In Oficios 8, we suggest you pay attention to the Casa del Obispo, seventeenth century, which later became the Episcopal Palace and remodeled after 1858, based pawnshop. In Oficios 12, the former College of St. Ambrose, XVII to XVIII century, worked until recently as the Arab House Museum and restaurant. In the corner with Obrapía Hostal Valencia, XVII century with later renovations, is one of the coziest inns in Havana.
A few meters later, before us, one of the most elegant areas of the city: the Plaza de San Francisco, 1628 - Amargura Street, San Pedro and Oficios. It served as a point of water fleets. In addition to the Convent and Church of St. Francis of Assisi, they surround the Lonja del Comercio and the customs building. In its vicinity, also Oficios, can be visited the gallery - workshop of famed Cuban painter Nelson Dominguez and the house - study of the Venezuelan artist Carmen Montilla.
The Plaza de San Francisco and the Convent and Church of San Francisco de Asís.
Entering the Plaza, on the left, the Lonja del Comercio Inaugurated in 1909 - Amargura 2 Plaza de San Francisco. This building was a project architect and Valencian sculptor Tomas Mur. It was located where the fish market was located Groceries, founded in 1878, a regular meeting place for traders. In the dome a beautiful bronze reproduction of God Trade "Mercury" by Italian sculptor Juan de Bolonia was installed.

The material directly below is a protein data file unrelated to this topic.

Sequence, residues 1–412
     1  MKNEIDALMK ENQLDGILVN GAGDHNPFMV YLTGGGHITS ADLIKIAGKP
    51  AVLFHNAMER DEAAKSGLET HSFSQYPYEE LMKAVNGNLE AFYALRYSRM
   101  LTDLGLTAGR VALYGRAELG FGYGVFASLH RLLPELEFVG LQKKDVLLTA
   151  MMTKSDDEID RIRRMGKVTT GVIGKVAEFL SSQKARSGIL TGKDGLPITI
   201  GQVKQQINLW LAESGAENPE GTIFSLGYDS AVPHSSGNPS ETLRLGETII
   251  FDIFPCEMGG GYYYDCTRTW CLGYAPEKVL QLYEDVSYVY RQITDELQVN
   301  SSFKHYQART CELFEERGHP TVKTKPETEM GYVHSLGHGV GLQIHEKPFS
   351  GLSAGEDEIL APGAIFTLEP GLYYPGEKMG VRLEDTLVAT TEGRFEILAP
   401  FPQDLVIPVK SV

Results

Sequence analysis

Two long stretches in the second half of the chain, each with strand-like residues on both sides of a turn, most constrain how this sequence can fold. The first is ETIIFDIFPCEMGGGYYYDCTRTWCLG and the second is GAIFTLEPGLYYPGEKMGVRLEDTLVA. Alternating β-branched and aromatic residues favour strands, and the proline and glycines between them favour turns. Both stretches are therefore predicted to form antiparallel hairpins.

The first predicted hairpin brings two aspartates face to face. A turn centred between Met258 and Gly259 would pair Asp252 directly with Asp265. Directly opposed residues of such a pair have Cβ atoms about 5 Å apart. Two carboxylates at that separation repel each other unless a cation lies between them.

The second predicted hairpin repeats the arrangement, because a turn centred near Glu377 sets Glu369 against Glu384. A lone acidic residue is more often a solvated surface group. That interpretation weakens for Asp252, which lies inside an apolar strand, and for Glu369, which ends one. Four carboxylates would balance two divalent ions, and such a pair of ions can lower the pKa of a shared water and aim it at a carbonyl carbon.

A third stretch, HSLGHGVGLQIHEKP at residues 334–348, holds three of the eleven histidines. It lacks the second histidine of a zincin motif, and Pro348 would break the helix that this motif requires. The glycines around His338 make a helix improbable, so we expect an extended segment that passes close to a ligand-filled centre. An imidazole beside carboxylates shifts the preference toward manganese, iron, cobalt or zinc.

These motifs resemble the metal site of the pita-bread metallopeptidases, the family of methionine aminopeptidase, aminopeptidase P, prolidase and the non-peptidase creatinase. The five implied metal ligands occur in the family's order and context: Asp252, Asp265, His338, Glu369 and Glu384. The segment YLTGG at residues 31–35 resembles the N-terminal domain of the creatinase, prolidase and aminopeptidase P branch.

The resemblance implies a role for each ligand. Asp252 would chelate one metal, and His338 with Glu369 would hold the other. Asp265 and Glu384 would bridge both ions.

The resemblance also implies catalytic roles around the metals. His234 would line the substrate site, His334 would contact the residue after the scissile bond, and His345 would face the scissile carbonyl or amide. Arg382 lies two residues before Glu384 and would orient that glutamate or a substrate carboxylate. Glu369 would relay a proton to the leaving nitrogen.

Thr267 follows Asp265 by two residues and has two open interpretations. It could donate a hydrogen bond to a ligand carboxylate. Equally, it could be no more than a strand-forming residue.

La Lonja del Comercio is now home to offices, companies, institutions and the Havana radio station.
The Fountain of the Lions, commissioned in 1836 by the Count of Villanueva to the sculptor Giuseppe Gaggini, beautifies the Plaza de San Francisco.
Tower of the Lesser Basilica of St. Francis of Assisi. The Basilica is today a magnificent concert hall and together with the convent is home to the Museum of Sacred Art.
Convent and Church of St. Francis of Assisi, 1719-1738 - Oficios between Amargura and Churruca. The stone known as "Jaimanitas", extracted from quarries in a nearby village was used in the building of the church. Its facade has three stone sculptures: the Queen of Heaven, St. Francis de Sales and Santo Domingo Guzman. Inside tombs of nobles, generals, governors and a vice-queen of Peru were found. The church tower, 42 meters high, is the second in altitude of the colonial period, surpassed only by the Iznaga Tower (Valley of the Sugar Mills, Trinidad). At the back of the large building, in a garden to the street San Pedro, as a cemetery, they are deposited the ashes of many personalities of Cuban culture. Also there is the Greek Orthodox Cathedral, temple of reduced dimensions.